Hungarian photographer László Francsics has been named the overall winner of Insight Investment Astronomy Photographer of the Year 2019. His photo, ‘Into the Shadow’, depicts the 35 phases of the total lunar eclipse that occurred on 21 January 2019. The photographer also won two other awards at the competition.
László Francsics, president of the Association of Hungarian Astrophotographers, has won three awards with his photographs in this years’ Astronomy Photographer of the Year 2019. His image of the reddish full moon in the shadow of the Earth has won the Our Moon category as well as the Overall competition, while his photo of Saturn in infrared came home with the award for the Robotic Scope category.
The prestigious Astronomy Photographer of the Year 2019 at the Royal Observatory of Greenwich has attracted an astonishing 4,602 entries from 90 different countries across the world this year. The photos were awarded in 11 categories. Several Hungarian astrophotographers entered the competition and besides Francsics, five other photographers got into the last round: László Bagi, Péter Feltóti, András Papp, Rafael Schmall and Ferenc Szémár.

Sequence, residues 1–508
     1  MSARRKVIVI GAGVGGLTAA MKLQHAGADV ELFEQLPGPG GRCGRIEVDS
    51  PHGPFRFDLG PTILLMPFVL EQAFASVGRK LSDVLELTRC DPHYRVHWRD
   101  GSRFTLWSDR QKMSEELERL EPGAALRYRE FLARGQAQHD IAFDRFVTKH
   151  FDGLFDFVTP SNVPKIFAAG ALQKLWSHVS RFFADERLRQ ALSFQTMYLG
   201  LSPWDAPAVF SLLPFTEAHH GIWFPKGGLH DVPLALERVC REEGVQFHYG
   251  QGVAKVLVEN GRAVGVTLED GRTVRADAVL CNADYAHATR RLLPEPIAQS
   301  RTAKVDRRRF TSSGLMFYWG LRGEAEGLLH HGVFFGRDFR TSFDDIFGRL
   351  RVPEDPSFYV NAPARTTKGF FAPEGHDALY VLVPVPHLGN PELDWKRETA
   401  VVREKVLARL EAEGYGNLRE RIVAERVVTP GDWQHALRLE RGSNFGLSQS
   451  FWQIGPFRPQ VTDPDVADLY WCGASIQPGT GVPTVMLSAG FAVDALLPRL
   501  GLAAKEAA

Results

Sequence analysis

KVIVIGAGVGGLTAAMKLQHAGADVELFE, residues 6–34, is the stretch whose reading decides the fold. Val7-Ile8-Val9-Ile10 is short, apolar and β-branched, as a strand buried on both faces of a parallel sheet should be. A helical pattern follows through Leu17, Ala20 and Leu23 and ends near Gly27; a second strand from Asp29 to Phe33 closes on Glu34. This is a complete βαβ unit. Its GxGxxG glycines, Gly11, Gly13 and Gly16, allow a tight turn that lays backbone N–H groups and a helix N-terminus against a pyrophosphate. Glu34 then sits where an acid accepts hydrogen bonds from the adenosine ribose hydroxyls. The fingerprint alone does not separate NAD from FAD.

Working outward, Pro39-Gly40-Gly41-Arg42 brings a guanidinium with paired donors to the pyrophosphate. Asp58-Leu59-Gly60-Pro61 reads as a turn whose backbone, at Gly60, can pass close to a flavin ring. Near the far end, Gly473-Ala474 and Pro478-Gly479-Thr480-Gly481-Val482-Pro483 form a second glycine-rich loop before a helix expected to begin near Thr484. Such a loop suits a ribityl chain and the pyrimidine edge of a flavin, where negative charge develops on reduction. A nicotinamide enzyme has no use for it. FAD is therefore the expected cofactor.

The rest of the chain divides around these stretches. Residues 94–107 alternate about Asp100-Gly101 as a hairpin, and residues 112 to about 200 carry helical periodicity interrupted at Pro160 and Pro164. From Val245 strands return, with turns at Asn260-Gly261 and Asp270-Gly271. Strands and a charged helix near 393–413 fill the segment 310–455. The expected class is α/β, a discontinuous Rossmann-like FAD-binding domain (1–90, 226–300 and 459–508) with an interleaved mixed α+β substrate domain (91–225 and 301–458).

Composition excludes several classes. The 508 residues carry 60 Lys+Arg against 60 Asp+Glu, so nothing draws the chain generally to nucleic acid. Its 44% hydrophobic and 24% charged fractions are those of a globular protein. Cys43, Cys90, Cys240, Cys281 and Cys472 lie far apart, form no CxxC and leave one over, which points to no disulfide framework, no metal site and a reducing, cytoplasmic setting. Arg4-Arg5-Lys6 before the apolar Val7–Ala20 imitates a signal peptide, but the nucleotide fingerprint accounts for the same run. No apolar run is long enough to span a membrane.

The jury praised Francsics’ technical precision, positional precision and the creativity of the composition for the single multiple-exposure picture which won the overall competition, highlighting the high level of artistic effect and masterful beauty of the picture.
The Astrophoto of 2019 and the winner of the “Our Moon” category “In the Shadow” shows the total lunar eclipse from January 2018, as the moon entered the shadow of the Earth. As 2019 “celebrates 50 years since the first lunar landings, it is fitting that this year’s overall winning image captures such a dynamic and captivating view of the Moon.” Combined from 35 shots, the picture shows from right to left the moon’s changing color as it slowly turning to red. The picture is also special because it shows the period when the edge of the lunar disk glows blue for a brief period due to atmospheric ozone filtering. This phenomenon is caused by the ozone scattering red of the sunlight passing through the periphery of the Earth’s atmosphere, while the blue range is filtering in.
All the winning images are now on display at the National Maritime Museum in London.
featured photo: ©László Francsics – 250 mm Newtonian reflecting telescope at f/4, Sky-Watcher EQ6 Pro mount, Sony Alpha 99 camera, HDR composite of 35 exposure (Royal Museums Greenwich)